1971 Ray Price – For The Good Times
Ray Price grew up in Texas and went to college to become a vet, but he was too small to work with cattle and horses and had to change his plans. He began singing in local events in the Abilene area. He started singing on radio program in the late forties. He moved to Nashville and roomed with Hank Williams in the early fifties.
Columbia Records signed Ray to a recording contract in 1951. He recorded two top five Country hits in 1952. Ray formed his own a backup band in 1953, The Cherokee Cowboys. Some of the members of the band in the fifties and early sixties included Roger Miller, Willie Nelson, and Johnny Paycheck.
Ray’s got his first number one Country record in 1956 with a Western Swing tune. Crazy Arms did not reach the Hot 100, but it did reach #27 on a chart I had never heard of before researching Ray’s records: the Honor Roll Of Hits. Fewer than two dozen records made that chart without also reaching one of the other pop charts, so it’s unlikely you ever heard the song unless you listened to Country stations.
Two more of Ray’s hits in the fifties reached the top of the Country chart, and those both reached the Hot 100. The records peaked at #63 and #71, but Ray would not get into the Hot 100 again until 1970.
Kris Kristofferson moved to Nashville and began writing songs for other artists beginning in 1965. In 1968, Bill Nash recorded one of Kris’ songs, For The Good Times, but it did not chart. Several more artists recorded the song before Kris recorded the song for his first album in 1970. Ray recorded a cover version and released a single of the song in 1970. The record quickly rose to the top of the Country chart. This time his record also got airplay on Adult Contemporary (AC) stations and eventually even top forty radio.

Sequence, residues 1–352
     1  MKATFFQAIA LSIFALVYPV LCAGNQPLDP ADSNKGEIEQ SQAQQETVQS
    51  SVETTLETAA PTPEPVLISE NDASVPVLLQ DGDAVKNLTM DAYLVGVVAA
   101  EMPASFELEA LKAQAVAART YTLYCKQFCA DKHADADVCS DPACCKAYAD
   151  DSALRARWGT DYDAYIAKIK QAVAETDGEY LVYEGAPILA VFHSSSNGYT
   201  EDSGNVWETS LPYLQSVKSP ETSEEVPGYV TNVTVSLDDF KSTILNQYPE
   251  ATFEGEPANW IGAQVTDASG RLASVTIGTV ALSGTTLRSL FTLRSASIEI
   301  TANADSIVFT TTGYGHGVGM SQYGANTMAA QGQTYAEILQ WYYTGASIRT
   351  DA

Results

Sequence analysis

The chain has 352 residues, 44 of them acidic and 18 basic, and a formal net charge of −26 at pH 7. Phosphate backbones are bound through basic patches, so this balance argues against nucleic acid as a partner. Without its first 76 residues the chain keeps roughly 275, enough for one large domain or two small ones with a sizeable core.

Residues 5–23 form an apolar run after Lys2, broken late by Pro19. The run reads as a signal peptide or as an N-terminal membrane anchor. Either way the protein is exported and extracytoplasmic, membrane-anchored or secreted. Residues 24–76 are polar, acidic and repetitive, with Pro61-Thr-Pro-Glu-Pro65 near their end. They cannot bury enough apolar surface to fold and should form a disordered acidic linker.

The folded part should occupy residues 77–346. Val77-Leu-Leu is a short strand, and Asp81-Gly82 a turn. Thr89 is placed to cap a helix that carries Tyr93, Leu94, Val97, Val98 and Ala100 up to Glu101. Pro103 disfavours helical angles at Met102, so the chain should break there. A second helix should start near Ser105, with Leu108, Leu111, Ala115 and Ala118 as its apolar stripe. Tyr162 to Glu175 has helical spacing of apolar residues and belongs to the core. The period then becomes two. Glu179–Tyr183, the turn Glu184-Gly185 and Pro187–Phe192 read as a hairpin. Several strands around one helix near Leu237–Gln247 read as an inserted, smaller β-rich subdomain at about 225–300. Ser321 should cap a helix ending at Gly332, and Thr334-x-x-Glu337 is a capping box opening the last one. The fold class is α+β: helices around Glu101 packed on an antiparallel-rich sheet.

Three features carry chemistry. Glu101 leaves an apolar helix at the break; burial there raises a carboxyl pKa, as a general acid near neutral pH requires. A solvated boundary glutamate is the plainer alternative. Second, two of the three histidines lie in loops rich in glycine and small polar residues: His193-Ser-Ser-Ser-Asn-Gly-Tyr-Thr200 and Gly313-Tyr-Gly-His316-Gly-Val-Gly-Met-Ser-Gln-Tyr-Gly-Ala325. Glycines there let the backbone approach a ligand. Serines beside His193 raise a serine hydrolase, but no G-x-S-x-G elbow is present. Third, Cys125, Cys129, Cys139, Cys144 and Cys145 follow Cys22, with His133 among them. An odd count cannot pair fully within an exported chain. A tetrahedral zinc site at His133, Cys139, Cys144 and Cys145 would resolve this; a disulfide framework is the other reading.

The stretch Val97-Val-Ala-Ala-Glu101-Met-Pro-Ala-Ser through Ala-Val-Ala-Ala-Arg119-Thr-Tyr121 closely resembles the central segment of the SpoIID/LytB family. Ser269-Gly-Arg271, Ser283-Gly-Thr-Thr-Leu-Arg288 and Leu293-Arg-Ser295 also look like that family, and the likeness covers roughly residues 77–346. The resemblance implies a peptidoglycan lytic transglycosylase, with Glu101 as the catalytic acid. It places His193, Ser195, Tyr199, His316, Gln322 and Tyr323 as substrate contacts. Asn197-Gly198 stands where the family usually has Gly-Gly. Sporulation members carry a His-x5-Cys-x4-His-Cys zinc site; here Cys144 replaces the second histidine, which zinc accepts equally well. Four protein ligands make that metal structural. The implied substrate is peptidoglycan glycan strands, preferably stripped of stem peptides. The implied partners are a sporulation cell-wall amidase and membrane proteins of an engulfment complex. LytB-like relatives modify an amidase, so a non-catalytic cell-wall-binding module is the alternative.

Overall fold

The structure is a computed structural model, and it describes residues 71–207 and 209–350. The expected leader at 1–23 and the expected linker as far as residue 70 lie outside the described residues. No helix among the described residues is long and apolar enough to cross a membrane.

For The Good Times reached the top ten on the AC chart and peaked at #11 on the Hot 100 in early 1971. Four more of Ray’s singles reached the Hot 100 in the next two years, but none of them got into the Top Forty on the Hot 100.
Ray had more than forty top ten singles on the Country chart, including eight that reached number one. His last charted record came in 2007, when he recorded Last Of The Breed with Merle Haggard and Willie Nelson. The single took him back into the Country top ten and even reached #64 on the Hot 100.
Ray fought with cancer for a few years and died in 2013.
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